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I put in at the public park, the one that at one time had the scale model Olympic White Water venue a few years back. The water from the dam was low but it rose just before I left, by about 3 feet. If I understood the information from TVA it was supposed to have started earlier. Anyway, I am glad I did because the water was still low in places and I to drag/float my sea kayak through some places. The Ocoee with a little fast in the beginning, about 8 miles per hour but it slowed the further I was from the dam. Fishing would have been good but I didnít take any gear this time because of the distances involved.
The first night I spent on the riverbank on an island that I had picked out from the topo maps and aerial photos on Google Earth. It had been cleared and mown as a hayfield. I slept out underneath the stars since the weather was so hot while knowing that the stars would be very visible and I was not disappointed. I made a makeshift shelter with a ground tarp that I carry and my kayak. I took a picture of this with my phone. Speaking of phones, I had Verizon service all of the way. I checked in with my wife in the mornings and evenings since I was travelling alone.
The second day I paddled along the Hiwassee River on a Sunday. Generally the river here is much wider, especially towards Charleston. There was A LOT of boat traffic that made the paddling challenging, jet skis, water skiers, and cabin cruisers, but after all it was a Sunday. I drug into Agency Creek campground, and paid $12.09 for a tent site without water or electricity. I carried 5 gallons of water and a cooking kit so I didnít need either. I met some nice ďcampersĒ in RVís with satellite dishes and my neighbor went out of his way to be friendly with me, and eventually he shared a beer with me and we sat and talked. Meeting people along the way was as enjoyable as some of the scenery.
The next day I wanted to be up at sunrise to get onto the river through the Hiwassee Refuge early enough to have calm water. There were still nesting ospreys, several kinds of herons, a lot of fish jumping, and songbirds all over the place. I pulled onto the Tennessee River and paddled past Blythe Ferry and spent the night at Skull Island. The section of the trip along the Tennessee River was mentally challenging because at times I would paddle from point to point, a distance of sometimes 2 to 3 miles, skirting the main channel. I resorted to mind games such as counting backwards by 7ís, etc. Other times I would paddle closer to shore because of the thunderstorm fronts that I could see. There was only one storm that I had to contend with and I ducked into a covered boat dock and waited it out.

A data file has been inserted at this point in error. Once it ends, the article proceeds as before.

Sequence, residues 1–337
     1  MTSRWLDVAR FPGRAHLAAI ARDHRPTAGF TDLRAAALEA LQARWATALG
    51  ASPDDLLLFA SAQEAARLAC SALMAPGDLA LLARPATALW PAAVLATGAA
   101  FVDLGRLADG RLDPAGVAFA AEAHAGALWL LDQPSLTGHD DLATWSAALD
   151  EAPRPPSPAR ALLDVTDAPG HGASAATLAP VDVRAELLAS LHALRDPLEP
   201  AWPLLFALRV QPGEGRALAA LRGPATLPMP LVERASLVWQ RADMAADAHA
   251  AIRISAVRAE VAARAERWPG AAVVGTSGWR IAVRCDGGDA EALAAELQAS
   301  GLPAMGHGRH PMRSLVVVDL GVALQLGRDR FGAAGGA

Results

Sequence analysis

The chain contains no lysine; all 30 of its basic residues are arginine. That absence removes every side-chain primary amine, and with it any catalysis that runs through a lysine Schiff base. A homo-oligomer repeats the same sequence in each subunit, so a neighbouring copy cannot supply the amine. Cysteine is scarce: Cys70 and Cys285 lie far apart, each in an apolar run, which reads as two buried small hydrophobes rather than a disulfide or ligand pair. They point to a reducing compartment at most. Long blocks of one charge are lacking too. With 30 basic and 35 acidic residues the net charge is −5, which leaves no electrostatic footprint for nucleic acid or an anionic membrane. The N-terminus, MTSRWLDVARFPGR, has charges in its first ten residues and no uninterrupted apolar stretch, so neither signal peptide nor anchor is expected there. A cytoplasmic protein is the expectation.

The last night I spent at Skull Island, $20.00 with no water or electricity. I donít understand their pricing structure but the park was very clean and the manager offered to take me into town to get supplies if I needed anything.
The next day I paddled to the Dock Side Cafť at Harrison Bay State Park and ate lunch and made it to the Chickamauga boat ramp by 3 oíclock and waited for my wife to pick me up.
I carried all of my food and water, cooked all of my meals except that last dayís lunch, and had a tent and a ground tarp, and a minimum of clothes. Whenever I paddle alone I leave a float plan with my wife and stick to it. This one included campground phone numbers and other important info that she might need if I was late coming back. Included in my safety gear was a small air horn, marine radio with NOAA weather radio, extra food, whistle, mirror, first aid kit, and flashing strobe for my PFD.
The weather forecast gave 20% showers every day with possibilities of thunderstorms with damaging wind also possible. Temps ranged in the lower to mid 90ís with humidity in the 90 per cent range. To keep from being burned to a crisp I wore long sleeved cotton t shirts, a wide brimmed OR hat, bandanna round my neck and a full paddling skirt to protect my legs. Along the trip I would scoop water over my hat, shirt and skirt just to stay cool, and I managed to escape sunburn completely.
It was a memorable trip, scenery, wildlife, and people included, but I was glad to get home to my bed.
The Kayak Wing
YakCatcher Rod Holder